Natural reaction of the mind and body to demand place on it --Pleasant of Unpleasant.
Eustress vs. Distress
Eustress is a stressor that is perceived to be positive. Distress is a stressor that is perceived to be negative.
is prolonged unrelieved stress also called cumulative stress.
can be acute or chronic.
Critical Incident Stress (CIS)
A heavy duty stress that causes psychological and physical discomfort for 2 days to a month.
Post Traumatic Stress Disorder (PTSD)
Creates major distress and long lasting disruptive changes in person's life.
Physiology of stress
A stressor that is in demand, real or imagined A stressor that can be social, psychological, spritual/physical Psychological changes are life saving. A threat or demand is perceived and interpreted by the cerebral cortex.
3 parts of the nervous system
Central Nervous System Sympathetic Nervous System Parasympathetic Nervous system
Affects of Sympathetic Nervous System
Heart rate, Blood pressure, breathing, sweating Huge blood flow changes Senses and perception changes Parasympathetic NC is turned off or reduced
Stress external to agency
Frustration with judicial system Lack of consideration by the courts for scheduling officer appearance Perceived lack of public support Negative or distorted media coverage of policing Officers dislike of the decisions and interest of city council, county commissioners, or legislature
Stress internal to agency
Policies that are offensive to officers Poor training and inadequate career development opportunities lack of identity and recognition for good performance Poor economic benefits, working conditions, equipment excessive paperwork
Stress in work itself
Rigors of shift work frequent exposure to life's misery Boredom, interrupted by the need for sudden action fear and dangers of the job constant responsibility for protecting other people
Stressor confronting the individual officer
Fears regarding job competence, individual success, and safety Necessity to conform Necessity to take a second job or to further education altered social status in the community due to attitude changes
law enforcement personalities and characteristics
make a good safe officer but can often wreak havoc hypervigilance--- state of hyper alertness emotional control can result in the inability to emotionally engage at home sensation seeker
family and personal
marital children parents financial
Stressors related to the law enforcement career journey
begin career optimistic, enthusiastic, and idealistic new experiences and relationships forged under challenges non law enforcement friendships may fade after graduation, a rookie loos to the veterans for how to to the job.
is the elevated alertness of surroundings required of law enforcement officers for survival.
Reticular Activating System (RAS)
Determines the the level of alertness necessary at any given time. Also engages the sympathetic nervous system causing heightened alertness and awareness increasing pulse, breathing body temperature, blood pressure, blood sugar and energy.
3 basic approaches to stress management
avoid alter adapt
visualization- mental imagery guided Imagery unguided imagery thought stopping/blocking/focusing tactical breathing- breath for count of 4, hold for 4,exhale progressive muscular relaxation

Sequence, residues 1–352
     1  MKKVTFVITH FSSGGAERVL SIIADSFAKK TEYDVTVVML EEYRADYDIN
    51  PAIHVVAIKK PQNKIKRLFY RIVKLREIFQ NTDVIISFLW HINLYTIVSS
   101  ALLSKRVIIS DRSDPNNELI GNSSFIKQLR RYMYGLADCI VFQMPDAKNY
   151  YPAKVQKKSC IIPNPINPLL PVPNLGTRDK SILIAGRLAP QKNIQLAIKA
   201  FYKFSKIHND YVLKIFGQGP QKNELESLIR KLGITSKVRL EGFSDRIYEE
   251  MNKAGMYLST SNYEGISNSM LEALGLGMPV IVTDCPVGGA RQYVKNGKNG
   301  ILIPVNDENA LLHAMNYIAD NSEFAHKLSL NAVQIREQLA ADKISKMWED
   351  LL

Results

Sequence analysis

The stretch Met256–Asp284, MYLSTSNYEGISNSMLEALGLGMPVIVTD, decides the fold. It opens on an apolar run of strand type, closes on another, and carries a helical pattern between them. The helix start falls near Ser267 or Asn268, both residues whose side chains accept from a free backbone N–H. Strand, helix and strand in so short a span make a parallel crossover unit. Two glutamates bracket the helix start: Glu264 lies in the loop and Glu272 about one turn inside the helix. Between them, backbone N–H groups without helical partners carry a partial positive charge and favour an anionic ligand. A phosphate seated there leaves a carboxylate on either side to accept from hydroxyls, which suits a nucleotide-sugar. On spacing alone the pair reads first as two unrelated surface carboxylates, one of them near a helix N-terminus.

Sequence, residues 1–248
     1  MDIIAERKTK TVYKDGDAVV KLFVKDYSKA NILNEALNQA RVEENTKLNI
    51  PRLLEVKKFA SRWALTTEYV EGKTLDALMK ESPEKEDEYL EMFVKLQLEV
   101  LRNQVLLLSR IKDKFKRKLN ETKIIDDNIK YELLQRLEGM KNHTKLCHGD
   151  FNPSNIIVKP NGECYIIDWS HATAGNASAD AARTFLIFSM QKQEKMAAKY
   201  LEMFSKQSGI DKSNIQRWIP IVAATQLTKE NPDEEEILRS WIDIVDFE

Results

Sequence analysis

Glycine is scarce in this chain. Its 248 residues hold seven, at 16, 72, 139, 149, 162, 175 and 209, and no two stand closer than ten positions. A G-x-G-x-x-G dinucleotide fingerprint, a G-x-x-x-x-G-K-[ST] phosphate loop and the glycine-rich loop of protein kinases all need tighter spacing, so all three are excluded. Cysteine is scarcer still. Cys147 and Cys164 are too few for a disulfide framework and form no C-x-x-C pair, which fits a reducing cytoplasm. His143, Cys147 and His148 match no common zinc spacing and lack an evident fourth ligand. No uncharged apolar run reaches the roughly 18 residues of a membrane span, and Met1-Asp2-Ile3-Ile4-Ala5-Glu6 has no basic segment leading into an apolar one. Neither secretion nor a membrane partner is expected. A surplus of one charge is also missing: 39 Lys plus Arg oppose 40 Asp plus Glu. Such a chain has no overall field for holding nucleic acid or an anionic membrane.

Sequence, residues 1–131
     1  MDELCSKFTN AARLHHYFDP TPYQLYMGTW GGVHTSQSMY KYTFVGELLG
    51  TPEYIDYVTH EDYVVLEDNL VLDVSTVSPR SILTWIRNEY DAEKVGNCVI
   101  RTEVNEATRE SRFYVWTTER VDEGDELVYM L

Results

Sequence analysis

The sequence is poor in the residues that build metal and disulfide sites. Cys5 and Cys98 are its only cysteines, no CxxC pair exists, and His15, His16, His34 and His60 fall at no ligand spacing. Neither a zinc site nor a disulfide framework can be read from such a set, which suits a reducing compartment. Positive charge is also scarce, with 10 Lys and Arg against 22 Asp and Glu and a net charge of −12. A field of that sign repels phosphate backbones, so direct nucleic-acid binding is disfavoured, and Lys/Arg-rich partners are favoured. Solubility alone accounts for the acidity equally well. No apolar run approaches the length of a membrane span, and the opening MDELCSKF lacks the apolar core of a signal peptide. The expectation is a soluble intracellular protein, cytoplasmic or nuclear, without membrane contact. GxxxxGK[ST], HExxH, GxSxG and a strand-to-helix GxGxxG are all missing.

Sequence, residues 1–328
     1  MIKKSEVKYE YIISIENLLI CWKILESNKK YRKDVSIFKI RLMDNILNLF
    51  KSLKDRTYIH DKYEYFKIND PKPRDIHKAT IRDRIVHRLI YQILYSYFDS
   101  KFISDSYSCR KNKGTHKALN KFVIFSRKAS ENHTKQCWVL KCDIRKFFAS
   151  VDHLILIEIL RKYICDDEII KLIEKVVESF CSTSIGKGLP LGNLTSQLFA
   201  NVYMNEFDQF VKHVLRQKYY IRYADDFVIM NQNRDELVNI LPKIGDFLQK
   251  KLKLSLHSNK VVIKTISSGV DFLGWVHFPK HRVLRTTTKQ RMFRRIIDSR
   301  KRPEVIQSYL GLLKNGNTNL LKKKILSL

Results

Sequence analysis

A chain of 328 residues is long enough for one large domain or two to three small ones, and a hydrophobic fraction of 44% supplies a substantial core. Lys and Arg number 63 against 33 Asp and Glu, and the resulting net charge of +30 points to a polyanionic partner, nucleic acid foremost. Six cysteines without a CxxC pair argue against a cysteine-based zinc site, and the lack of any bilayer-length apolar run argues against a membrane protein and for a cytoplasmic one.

heart rates above 175 bpm
an officer may experience auditory changes, loss of peripheral vision, and depth perception
heart rates above 200 bpm
an officer may exhibit irrational behavior such as repetitive non productive activities.
Syptoms associated with High Symphathetic NS
visual changes time perception changes hearing perception changes memory changes heightened sense of alertness, elevated heart rate and breathing
Visualizing successful performance of skills in a variety of situations
Breath in for a count of 4, hold for count of 4 and exhale for count of 4.
5 phases of transition that experience traumatic events.
it is common department/investigative procedures to remove the gun from officer's possession as evidence
General US population statistics
Frequency of suicide in the US: 1 every 16 minutes Women attempt more often, men more likely to complete suicide Men more often use firearms; women more often use drugs or poisons.
Law enforcement statistics
1970-1999 has shown a gradual reduction of law enforcement felony deaths despite increasing gang activity, availability of automatic weapons, drug trafficking.
Risk Factors (SAD PERSONS)
sex age depression previous exposure to suicide ethanol/alcohol/drug abuse rational thinking social support system lacking organized plan no spouse or significant other sickness
Other Suicidal thoughts of officers
Loss/change in important relationship expresses hopelessness, depression, guilt change in sleep and/ or appetite minimal social support alcohol/ substance abuse legal problems/financial problems under investigation talks about death or wanting to die
Ask Intervene Don't keep a secret Locate help Inform supervisor Find someone to stay with the person
23% of the officers had serious alcohol problems and 10% had serious drug problems.
Had 53% that came to work with a hangover, and that the "average" officer drank alcohol on the job almost eight days every half year.
Drives officers to seek extreme means to help them relax.
Symptoms of Drug and Alcohol abuse
failed attempts to cut back or quit for whatever reason difficulty enjoying life declining performance feeling guilty drink alcohol or frequently hung over on job need a drink to get going
coworker can help in 4 ways
be aware and recognize the problem urge the person to seek help encourage the person after they seek help keep in mind that avoiding the problem only contributes consider resources